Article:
A Facebook friend wrote on how to prevent this Ebola Virus and I copied so I could share with you guys, but before you read the prevention, you might want to read what UNICEF has to say about it…
UNICEF has announced that an Ebola Outbreak has killed at least 59 People in Guinea.
The epidemic has hit the capital city Conakry. “At least 59 out of 80 who contracted Ebola across the West African country have died so far” said UNICEF in a statement to Agence France-Presse (AFP).
Ebola is spreading FAST to other West African countries.
There are currently no known treatments or vaccines for Ebola, a viral hemorrhagic fever that kills up to 90 percent of those who become infected.
The virus spread through direct contact with blood, faeces or sweat, sexual contact and unprotected handing of contaminated corpses.
“This outbreak is particularly devastating because medical staff are among the first victims … hindering the response and threatening normal care in a country already lacking in medical personnel,” revealed UNICEF.
Ebola hemorrhagic fever is a severe and often deadly illness that can occur in humans and primates (e.g. monkeys, gorillas).
Ebola hemorrhagic fever has made worldwide news because of its destructive potential.
Ebola hemorrhagic fever (Ebola fever) is caused by a virus belonging to the family called Filoviridae. Scientists have identified five types of Ebola virus. Four have been reported to cause disease in humans: Ebola-Zaire virus, Ebola-Sudan virus, Ebola-Ivory Coast virus, and Ebola-Bundibugyo. The human disease has so far been limited to parts of Africa.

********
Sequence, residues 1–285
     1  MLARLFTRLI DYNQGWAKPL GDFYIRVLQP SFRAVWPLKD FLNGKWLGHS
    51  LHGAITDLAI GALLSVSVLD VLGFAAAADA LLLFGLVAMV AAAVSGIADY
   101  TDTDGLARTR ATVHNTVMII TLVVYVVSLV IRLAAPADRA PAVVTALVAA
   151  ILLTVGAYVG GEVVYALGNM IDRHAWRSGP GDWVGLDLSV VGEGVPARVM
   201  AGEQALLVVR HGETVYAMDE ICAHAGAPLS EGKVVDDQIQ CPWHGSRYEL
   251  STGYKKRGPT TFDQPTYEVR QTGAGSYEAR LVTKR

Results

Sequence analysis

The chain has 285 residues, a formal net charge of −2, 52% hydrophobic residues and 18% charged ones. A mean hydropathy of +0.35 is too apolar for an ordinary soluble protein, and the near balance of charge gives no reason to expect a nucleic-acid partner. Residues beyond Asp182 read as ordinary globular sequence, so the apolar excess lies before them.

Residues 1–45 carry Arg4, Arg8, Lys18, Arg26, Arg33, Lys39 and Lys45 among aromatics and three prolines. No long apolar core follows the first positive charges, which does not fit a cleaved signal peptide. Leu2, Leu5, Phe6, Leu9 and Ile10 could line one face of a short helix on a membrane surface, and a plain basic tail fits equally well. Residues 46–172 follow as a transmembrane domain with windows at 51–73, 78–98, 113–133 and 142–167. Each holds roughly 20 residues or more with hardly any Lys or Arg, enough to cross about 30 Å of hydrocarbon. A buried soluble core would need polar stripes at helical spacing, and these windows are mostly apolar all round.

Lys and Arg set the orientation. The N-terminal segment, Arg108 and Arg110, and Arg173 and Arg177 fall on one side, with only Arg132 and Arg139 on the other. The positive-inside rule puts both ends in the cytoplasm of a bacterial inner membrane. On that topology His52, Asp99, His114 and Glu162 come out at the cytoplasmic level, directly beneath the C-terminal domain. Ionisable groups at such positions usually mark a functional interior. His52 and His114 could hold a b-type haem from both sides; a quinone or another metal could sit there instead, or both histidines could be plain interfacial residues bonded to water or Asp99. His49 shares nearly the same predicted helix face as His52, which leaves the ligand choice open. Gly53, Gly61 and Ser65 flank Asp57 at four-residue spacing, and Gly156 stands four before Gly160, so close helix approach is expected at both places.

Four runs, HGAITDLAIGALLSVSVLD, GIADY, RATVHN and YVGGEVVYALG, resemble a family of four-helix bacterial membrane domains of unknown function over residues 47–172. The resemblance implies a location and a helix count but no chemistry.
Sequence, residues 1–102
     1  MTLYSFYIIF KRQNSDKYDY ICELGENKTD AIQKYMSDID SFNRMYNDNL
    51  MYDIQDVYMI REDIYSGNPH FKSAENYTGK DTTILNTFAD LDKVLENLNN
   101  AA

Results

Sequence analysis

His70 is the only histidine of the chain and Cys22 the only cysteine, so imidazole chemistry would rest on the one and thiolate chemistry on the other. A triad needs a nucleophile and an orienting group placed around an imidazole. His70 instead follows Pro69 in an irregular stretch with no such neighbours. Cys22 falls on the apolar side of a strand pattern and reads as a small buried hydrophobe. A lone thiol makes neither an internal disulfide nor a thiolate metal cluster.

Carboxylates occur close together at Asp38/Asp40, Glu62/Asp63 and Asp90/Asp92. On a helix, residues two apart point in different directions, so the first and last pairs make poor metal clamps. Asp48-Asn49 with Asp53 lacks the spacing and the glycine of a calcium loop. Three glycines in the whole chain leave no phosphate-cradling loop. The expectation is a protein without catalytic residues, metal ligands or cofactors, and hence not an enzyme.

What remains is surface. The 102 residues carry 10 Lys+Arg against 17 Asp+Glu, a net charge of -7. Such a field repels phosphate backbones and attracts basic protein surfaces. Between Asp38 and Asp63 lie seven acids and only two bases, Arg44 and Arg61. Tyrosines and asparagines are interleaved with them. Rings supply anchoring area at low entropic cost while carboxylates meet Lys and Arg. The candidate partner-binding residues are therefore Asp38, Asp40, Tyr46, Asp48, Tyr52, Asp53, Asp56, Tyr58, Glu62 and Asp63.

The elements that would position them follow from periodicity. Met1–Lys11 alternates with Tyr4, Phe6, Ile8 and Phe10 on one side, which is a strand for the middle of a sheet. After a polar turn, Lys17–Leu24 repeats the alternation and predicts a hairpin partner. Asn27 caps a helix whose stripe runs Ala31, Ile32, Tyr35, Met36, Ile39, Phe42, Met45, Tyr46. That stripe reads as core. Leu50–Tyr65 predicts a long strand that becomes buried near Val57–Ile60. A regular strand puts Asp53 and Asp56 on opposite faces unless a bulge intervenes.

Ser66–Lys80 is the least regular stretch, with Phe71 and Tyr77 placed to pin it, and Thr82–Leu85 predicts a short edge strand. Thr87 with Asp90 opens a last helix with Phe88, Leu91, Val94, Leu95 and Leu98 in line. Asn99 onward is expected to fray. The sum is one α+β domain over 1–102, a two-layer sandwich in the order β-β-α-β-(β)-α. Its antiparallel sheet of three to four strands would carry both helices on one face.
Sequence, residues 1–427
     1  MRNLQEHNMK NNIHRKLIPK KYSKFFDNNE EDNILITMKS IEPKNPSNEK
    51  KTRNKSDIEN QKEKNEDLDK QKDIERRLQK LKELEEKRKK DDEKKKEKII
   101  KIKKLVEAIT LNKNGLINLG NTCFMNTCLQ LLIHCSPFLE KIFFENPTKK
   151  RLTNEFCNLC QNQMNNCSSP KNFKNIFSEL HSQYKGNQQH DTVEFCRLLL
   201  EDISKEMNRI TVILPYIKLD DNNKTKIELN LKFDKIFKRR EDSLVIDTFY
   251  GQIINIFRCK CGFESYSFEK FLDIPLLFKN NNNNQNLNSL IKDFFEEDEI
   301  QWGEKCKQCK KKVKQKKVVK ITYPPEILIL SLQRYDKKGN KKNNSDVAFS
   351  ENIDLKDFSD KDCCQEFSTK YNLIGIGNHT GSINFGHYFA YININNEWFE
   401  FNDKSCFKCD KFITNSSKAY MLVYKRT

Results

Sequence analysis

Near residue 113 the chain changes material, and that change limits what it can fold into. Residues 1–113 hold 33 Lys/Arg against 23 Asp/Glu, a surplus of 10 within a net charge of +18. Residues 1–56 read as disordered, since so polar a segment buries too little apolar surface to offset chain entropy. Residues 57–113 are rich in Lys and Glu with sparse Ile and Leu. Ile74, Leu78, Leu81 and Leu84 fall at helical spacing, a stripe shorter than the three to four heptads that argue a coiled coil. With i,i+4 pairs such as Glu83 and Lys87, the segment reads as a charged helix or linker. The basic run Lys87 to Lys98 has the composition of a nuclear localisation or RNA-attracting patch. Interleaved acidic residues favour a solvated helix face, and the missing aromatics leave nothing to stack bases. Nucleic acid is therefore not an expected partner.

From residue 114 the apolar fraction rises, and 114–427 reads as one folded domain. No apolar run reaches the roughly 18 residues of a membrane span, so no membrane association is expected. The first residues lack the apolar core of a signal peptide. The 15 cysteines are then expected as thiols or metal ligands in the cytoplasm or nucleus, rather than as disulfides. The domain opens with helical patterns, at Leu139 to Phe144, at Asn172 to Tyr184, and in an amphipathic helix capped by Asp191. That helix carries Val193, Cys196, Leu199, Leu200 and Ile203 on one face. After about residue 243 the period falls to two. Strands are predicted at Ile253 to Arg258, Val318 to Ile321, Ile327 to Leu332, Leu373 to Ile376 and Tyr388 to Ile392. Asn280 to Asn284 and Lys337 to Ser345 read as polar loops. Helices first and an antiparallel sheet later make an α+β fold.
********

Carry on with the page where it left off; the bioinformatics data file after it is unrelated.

The Reston type of Ebola virus has recently been found in the Philippines.
The disease can be passed to humans from infected animals and animal materials. Ebola can also be spread between humans by close contact with infected body fluids or through infected needles in the hospital.
During the incubation period, which can last about 1 week (rarely up to 2 weeks) after infection, symptoms include:
The patient is usually hospitalized and will most likely need intensive care. Supportive measures for shock include medications and fluids given through a vein.
Bleeding problems may require transfusions of platelets or fresh blood…NYTIMES
We hope and pray Nigeria will be spared but it pays to be prepared. The following precautions can help prevent infection and spread of Ebola virus:
# Avoid traveling to areas of known outbreaks. # Wash your hands frequently. As with other infectious diseases, one of the most important preventive measures for Ebola virus is frequent hand-washing. Use soap and water, or use alcohol-based hand rubs containing at least 60 percent alcohol when soap and water aren’t available. # Avoid bush meat. # Avoid contact with infected people. In particular, caregivers should avoid contact with the person’s body fluids and tissues, including blood, semen, vaginal secretions and saliva. People with Ebola are most contagious in the later stages of the disease. # Follow infection-control procedures. If you’re a health care worker, wear protective clothing — such as gloves, masks, gowns and eye shields. Keep infected people isolated from others. Carefully disinfect and dispose of needles and other instruments. Injection needles and syringes should not be reused. # Don’t handle remains. The bodies of people who have died of Ebola disease are still contagious. Specially organised and trained teams should bury the remains, using appropriate safety equipment.(Facebook friend)